Trumpeter, vocalist and a dynamic entertainer, Louis Armstrong showcased all these aspects of his talent in 28 full-length films and several short features.
The early-1960s sounds of "The Sepia Sinatra," featured on Afterglow this week.
This week on Night Lights we pay tribute to the pianist and singer who passed away in 2007 at the age of 94. A product of the thriving mid-20th century Central Avenue Los Angeles scene, in the late 1940s Lutcher scored a series of hits such as “Hurry On Down” and “Fine Brown Frame” that blended jazz, pop, blues and R & B in a way that made her one of the era’s first crossover stars.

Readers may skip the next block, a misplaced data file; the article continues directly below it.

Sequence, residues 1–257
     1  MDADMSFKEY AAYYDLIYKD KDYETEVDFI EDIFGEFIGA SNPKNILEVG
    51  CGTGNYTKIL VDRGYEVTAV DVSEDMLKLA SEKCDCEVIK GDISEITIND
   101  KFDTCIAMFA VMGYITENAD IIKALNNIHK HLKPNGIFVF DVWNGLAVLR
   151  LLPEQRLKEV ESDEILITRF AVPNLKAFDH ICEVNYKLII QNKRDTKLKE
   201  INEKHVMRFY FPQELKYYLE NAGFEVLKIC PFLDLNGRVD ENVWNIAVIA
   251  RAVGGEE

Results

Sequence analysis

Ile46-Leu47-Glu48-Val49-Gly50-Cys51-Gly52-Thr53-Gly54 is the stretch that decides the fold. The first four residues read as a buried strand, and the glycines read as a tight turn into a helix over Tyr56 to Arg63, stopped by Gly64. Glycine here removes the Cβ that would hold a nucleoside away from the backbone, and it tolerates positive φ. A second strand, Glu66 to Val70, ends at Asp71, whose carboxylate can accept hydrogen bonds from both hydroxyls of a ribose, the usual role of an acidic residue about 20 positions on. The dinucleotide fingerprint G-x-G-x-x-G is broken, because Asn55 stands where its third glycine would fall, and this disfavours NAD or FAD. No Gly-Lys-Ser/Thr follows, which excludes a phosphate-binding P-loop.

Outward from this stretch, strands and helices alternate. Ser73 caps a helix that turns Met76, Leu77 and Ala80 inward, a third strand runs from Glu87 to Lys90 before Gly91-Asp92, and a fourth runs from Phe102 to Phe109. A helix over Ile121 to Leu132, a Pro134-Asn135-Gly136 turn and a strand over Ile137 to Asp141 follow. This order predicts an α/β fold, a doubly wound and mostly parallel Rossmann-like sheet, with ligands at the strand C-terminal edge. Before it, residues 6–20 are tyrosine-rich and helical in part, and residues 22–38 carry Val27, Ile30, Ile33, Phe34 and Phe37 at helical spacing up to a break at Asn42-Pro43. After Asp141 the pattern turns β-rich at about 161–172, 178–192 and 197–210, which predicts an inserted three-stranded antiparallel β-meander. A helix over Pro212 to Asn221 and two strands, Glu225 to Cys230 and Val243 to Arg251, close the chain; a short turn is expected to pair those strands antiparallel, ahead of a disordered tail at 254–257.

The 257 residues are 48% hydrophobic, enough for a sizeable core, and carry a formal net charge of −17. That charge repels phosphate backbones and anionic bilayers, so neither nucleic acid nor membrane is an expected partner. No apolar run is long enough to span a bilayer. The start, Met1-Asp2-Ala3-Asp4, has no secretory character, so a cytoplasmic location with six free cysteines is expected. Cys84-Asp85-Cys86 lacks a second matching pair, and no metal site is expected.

Although Johnny Green is best remembered for composing significant standards, he actually spent the bulk of his career working in the movie industry.
Composer Johnny Green wrote the music for several songs that went on to become staples of the jazz-and-popular-song canon.
Jo Stafford, one of the last great vocalists from the "songbird" era of big band vocalists, passed away Wednesday at the age of 90.
Jazz vocalist Rene Marie recently sang the melody of "The Star-Spangled Banner" with lyrics from "the black national anthem."
Rifftides blogger and jazz eminence Doug Ramsey hipped readers several days ago to a Sunday, April 6 broadcast of Benny Carter’s rarely-heard “Kansas City Suite.” It’s at 1 p.m. PDT on KPLU.org…
One of the most expressive and original singers to come out of the post-World War II era, Betty Carter thrilled audiences with her daring vocal improvisations.
Performers who mixed boogie, swing, ballads and blues with sly, suggestive lyrics brought out deeper nuance than their risque hits sometimes seemed to suggest.